No matter how much they shrink the sections to maximize whatever profit they can squeeze out of dead product.

Add channel stuffing the way Funimation is into the mix and you have a financial disaster on your hands not unlike the crash of '04.

I'm of the opinion that the anime industry needs to contract and focus on the few strengths they have while they can, provided they can find more people like Gen and less like the old ADV crew.

There are those that disagree with your opinions when airing your grievances about retailers, certain distributors, and other things, but they understand very little if anything about what you do to get us the shows we want to buy and what you deal with.

In closing, I'd like to state that I'd like to become an affiliate of yours so that I can offer more product for sale at better prices than Amazon.

Starcade, now from Leviathan said...

Robert: The hard-copy anime industry is dead.

Gone.

Kaput.

(Unless you want to talk hentai/yaoi, and that's completely a separate argument.)

Any future that anime has at all is digital distro -- the fans forced that hand by making the value of the animation abjectly zero.

Frankly, Japan should've abandoned the R1 industry altogether some time ago, because it became clear (to the tune of (by at least two sources) 6,000,000 episodes a week) that the fans didn't give two damns about _buying anime_.

What you have seen, especially the last 18 months, can be lain at the feet of an arrogant fanbase who believes in a no-holds-barred environment vis-a-vis anime -- and that's as true about the anime product itself and the conventions and a lot of other things as well.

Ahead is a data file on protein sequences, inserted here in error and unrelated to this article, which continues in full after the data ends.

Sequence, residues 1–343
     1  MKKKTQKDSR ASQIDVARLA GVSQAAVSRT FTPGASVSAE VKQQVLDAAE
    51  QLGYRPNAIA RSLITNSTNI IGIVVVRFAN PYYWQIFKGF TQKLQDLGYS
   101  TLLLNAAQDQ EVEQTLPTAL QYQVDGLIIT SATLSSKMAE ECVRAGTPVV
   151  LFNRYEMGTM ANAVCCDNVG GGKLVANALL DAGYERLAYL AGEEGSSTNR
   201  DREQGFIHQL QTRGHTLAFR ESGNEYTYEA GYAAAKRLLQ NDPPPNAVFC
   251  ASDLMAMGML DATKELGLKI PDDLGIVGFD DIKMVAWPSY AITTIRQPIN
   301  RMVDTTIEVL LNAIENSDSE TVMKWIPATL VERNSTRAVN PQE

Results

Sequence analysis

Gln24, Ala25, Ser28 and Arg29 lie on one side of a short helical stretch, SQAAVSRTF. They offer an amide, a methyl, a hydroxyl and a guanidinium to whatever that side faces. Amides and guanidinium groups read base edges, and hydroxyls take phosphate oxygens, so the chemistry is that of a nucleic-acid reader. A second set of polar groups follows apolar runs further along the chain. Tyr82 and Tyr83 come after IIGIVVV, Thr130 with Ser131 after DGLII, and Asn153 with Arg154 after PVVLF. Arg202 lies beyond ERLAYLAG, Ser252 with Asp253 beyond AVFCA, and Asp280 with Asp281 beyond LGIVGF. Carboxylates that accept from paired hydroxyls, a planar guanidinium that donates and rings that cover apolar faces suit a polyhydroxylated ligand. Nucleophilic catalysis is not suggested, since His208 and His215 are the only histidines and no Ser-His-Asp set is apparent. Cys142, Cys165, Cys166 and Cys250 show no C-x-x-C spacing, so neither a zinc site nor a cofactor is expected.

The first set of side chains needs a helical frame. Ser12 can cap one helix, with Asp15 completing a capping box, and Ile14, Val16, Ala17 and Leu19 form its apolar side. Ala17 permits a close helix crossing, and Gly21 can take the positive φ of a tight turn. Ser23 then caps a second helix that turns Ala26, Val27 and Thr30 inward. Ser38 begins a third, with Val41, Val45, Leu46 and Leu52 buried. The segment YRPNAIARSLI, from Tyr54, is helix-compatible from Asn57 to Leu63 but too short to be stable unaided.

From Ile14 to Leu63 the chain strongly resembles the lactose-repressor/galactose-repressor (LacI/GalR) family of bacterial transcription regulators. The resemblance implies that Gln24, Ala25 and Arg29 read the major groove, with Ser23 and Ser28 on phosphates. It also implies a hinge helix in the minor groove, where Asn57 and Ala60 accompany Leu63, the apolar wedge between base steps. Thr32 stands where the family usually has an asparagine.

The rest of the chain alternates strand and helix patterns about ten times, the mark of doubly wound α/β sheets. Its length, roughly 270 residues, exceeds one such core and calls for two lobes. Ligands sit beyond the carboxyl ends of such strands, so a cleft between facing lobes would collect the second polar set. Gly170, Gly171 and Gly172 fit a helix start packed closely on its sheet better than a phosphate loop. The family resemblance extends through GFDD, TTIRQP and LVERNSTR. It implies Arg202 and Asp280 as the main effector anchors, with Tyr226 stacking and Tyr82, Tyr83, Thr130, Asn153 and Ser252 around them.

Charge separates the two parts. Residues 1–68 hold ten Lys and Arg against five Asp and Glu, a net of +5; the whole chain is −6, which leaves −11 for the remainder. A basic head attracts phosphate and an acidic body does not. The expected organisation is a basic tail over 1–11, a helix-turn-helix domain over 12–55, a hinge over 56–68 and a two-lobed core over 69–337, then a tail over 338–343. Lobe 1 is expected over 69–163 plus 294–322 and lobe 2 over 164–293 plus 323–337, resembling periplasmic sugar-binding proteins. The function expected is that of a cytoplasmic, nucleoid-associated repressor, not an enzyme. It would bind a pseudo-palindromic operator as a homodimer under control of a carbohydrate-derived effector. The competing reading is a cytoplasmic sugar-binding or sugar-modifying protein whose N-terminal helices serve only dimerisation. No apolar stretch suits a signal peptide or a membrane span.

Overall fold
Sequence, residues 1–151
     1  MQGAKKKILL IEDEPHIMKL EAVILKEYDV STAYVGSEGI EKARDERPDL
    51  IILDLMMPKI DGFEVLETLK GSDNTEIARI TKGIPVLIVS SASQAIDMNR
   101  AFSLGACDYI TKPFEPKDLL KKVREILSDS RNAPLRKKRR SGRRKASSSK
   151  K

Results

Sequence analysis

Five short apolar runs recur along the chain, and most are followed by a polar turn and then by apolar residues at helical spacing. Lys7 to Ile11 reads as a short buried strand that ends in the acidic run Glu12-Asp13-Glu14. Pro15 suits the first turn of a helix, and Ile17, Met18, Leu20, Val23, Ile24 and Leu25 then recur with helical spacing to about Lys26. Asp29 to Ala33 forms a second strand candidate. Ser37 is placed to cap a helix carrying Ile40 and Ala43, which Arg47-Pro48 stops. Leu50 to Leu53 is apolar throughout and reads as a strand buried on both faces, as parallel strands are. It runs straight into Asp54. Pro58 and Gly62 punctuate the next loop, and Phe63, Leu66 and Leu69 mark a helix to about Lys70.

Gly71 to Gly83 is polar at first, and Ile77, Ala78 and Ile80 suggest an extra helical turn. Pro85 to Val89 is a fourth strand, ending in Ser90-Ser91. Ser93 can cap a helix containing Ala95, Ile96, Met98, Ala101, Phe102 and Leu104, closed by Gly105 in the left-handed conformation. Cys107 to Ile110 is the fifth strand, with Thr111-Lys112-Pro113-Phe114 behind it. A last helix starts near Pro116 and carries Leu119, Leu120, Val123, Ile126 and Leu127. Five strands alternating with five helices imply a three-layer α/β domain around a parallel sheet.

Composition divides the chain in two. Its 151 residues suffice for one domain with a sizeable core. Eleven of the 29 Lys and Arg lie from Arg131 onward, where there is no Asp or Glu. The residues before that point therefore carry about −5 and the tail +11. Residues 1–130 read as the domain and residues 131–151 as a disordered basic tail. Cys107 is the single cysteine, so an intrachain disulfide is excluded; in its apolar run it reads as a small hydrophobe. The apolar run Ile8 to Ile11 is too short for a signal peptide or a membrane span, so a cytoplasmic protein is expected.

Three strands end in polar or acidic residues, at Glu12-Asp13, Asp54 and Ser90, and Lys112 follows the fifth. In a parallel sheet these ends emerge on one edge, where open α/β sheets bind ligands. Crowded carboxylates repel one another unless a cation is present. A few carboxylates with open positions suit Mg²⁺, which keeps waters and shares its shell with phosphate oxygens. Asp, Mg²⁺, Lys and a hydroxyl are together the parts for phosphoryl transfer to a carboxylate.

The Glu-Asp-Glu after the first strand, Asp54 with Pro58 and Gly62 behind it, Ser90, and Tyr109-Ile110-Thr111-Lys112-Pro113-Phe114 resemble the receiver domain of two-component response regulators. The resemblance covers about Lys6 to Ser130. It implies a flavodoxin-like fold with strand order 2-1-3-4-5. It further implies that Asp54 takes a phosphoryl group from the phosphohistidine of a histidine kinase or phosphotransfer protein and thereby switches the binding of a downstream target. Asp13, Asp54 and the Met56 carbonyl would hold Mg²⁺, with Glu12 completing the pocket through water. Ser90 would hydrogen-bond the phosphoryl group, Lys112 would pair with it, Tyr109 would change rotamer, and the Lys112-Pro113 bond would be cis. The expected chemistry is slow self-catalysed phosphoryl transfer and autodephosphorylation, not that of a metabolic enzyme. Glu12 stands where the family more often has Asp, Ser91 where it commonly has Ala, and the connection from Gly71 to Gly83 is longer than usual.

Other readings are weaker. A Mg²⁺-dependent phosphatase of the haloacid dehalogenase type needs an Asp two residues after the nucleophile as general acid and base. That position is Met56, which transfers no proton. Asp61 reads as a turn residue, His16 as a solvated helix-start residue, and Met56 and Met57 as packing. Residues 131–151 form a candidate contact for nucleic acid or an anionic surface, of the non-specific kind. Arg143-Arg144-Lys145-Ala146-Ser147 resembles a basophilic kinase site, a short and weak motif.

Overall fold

What may be different between me and you is that I believe this has _already_ been done to the point of not being able to be undone. You may, of course, believe differently.

That's why I fear for the futures of the Vics and Lauras and Travises of the world -- who work so thanklessly during the week and give of themselves so tirelessly when they attend events.

And Re: Viz: It's clear that Viz didn't want to be in the anime industry to begin with. I'm trying to remember the last real involvement they had with the _industry_ that they didn't openly turn their nose up at. It's clear the DVD stuff is gone -- it's just a matter of time before it all is.

Starcade, now from Leviathan said...

Humberto: I've already received information from various fans in the field that the contraction is _already occurring_ -- that there are fans having trouble finding ANY new titles _now_ (even those of the caliber of Ouran v.2) in their local Best Buys.

At best (and you can confirm or deny this as you choose), I think someone wanted to shut this up not unlike the ADV/Sojitz debacle because of the impact it would have on the remaining anime stock at Best Buy.

Private Snowball said...

Hello;